Dark Waters (2019)

Dark Waters
Director: Todd Haynes
Writer: Mario Correa, Matthew Michael Carnahan
Based on: Nathaniel Rich‘s article
Cast: Mark Ruffalo, Anne Hathaway, Tim Robbins, Bill Pullman, Bill Camp, Victor Garber, Mare Winningham, William Jackson Harper, Louisa Krause
Seen on: 13.10.2020

Plot:
Rob Bilott (Mark Ruffalo) is an environmental defense attorney, working mostly for corporations faced with complaints. That’s why he is very reluctant to take on the case brought to him by farmer Wilbur Tennant (Bill Camp) who came to him because he know his grandmother. But Tennant’s story keeps gnawing at Bilott and when he digs a little deeper, he realizes that there may be more to the story. This realization is the beginning of a legal battle against chemical giant DuPont who has been polluting the entire area – a battle that will last for decades and affects thousands of people.

Dark Waters is a solid film. Given the cast and the subject matter, it had the potential to be more than just solid, but there are definitely worse movies out there.

The film poster showing Rob Bilott (Mark Ruffalo) standing in front of a chemical plant. At the top of the poster we can see Rob Bilott, his wife Sarah (Anne Hathaway), his boss Tom Terp (Tim Robbins) and second lawyer Harry Dietzler (Bill Pullman).
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Avengers: Endgame (2019)

Avengers: Endgame
Director: Anthony Russo, Joe Russo
Writer: Christopher Markus, Stephen McFeely
Based on: the comics by Stan Lee and Jack Kirby
Sequel to: The Avengers, Avengers: Age of Ultron, Avengers: Infinity War
Cast: Robert Downey Jr., Chris Evans, Mark Ruffalo, Chris Hemsworth, Scarlett Johansson, Jeremy Renner, Don Cheadle, Paul Rudd, Benedict Cumberbatch, Chadwick Boseman, Brie Larson, Tom Holland, Karen Gillan, Zoe Saldana, Evangeline Lilly, Tessa Thompson, Rene Russo, Elizabeth Olsen, Anthony Mackie, Sebastian StanTom Hiddleston, Danai Gurira, Benedict Wong, Pom Klementieff, Dave Bautista, Letitia Wright, John Slattery, Tilda Swinton, Vin Diesel, Jon Favreau, Hayley Atwell, Natalie Portman, Marisa Tomei, Taika Waititi, Angela Bassett, Michael Douglas, Michelle Pfeiffer, William Hurt, Cobie Smulders, Sean Gunn, Winston Duke, Linda Cardellini, Frank Grillo, Hiroyuki Sanada, James D’Arcy, Jacob Batalon, Bradley Cooper, Gwyneth Paltrow, Robert Redford, Josh Brolin, Chris Pratt, Samuel L. Jackson, Yvette Nicole Brown, Ken Jeong, Ty Simpkins, Stan Lee
Part of: Marvel movies
Seen on: 1.5.2019
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Content Note: fat hate

Plot:
It’s been a while since Thanos (Josh Brolin) changed the entire universe. People are coping, but how well varies from person to person. Scott Lang (Paul Rudd), for one, didn’t realize at all what was happening, having spent years trapped in the quantum realm. But now he has finally been able to return to find the world very much changed. He seeks out the remaining Avengers, believing that the quantum realm may just be the very thing to help them undo what Thanos caused.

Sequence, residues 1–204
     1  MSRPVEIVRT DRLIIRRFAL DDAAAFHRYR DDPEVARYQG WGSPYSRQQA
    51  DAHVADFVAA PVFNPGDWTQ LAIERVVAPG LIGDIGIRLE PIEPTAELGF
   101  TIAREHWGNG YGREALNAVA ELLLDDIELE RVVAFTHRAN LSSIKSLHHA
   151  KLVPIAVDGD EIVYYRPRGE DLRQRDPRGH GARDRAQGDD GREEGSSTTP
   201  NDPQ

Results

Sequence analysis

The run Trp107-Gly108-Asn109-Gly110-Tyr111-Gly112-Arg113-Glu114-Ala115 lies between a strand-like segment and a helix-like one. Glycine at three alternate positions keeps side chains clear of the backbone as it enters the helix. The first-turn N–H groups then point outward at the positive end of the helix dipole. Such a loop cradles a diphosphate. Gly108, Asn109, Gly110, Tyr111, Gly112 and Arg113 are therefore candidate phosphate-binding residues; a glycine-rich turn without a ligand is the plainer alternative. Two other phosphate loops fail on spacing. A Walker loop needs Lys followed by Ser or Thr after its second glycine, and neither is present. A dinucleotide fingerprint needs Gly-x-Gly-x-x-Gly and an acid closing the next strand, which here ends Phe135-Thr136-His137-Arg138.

Avengers: Endgame basically had no choice but be epic (the sheer number of people and characters alone!) and it certainly delivered that. It does feel like a worthy end to the series, even if not everything about it works or is as good as it should be.

The film poster showing the main characters in a montage.
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Captain Marvel (2019)

Captain Marvel
Director: Anna Boden, Ryan Fleck
Writer: Anna Boden, Ryan Fleck, Geneva Robertson-Dworet
Based on: Roy Thomas and Gene Colan‘s character
Cast: Brie Larson, Samuel L. Jackson, Ben Mendelsohn, Jude Law, Annette Bening, Djimon Hounsou, Lee Pace, Lashana Lynch, Gemma Chan, Clark Gregg, Stan Lee, Don Cheadle, Kelly Sue DeConnick, Chris Evans, Scarlett Johansson, Mark Ruffalo
Part of: Marvel movies
Seen on: 11.3.2019
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Plot:
Vers (Brie Larson) is one of the warriors on the Kree planet Hala, led by Yon-Rogg (Jude Law). They are fighting against the Skrulls. Vers is a skilled fighter, but she struggles with keeping her emotions in check and she also lost her memories, some of which may or may not be haunting her in her dreams. After yet another skirmish with the Skrull, Vers crashlands on Earth where she draws the attention of S.H.I.E.L.D., in particular Nick Fury (Samuel L. Jackson). Together they try to find out about Vers’ past, but also to find a way to fight the Skrulls that keep coming.

I am very content with Captain Marvel. It may not be the best of the Marvel movies but it is very good and a Marvel film with a woman at the center (and a woman directing) was more than overdue anyway. More of this please.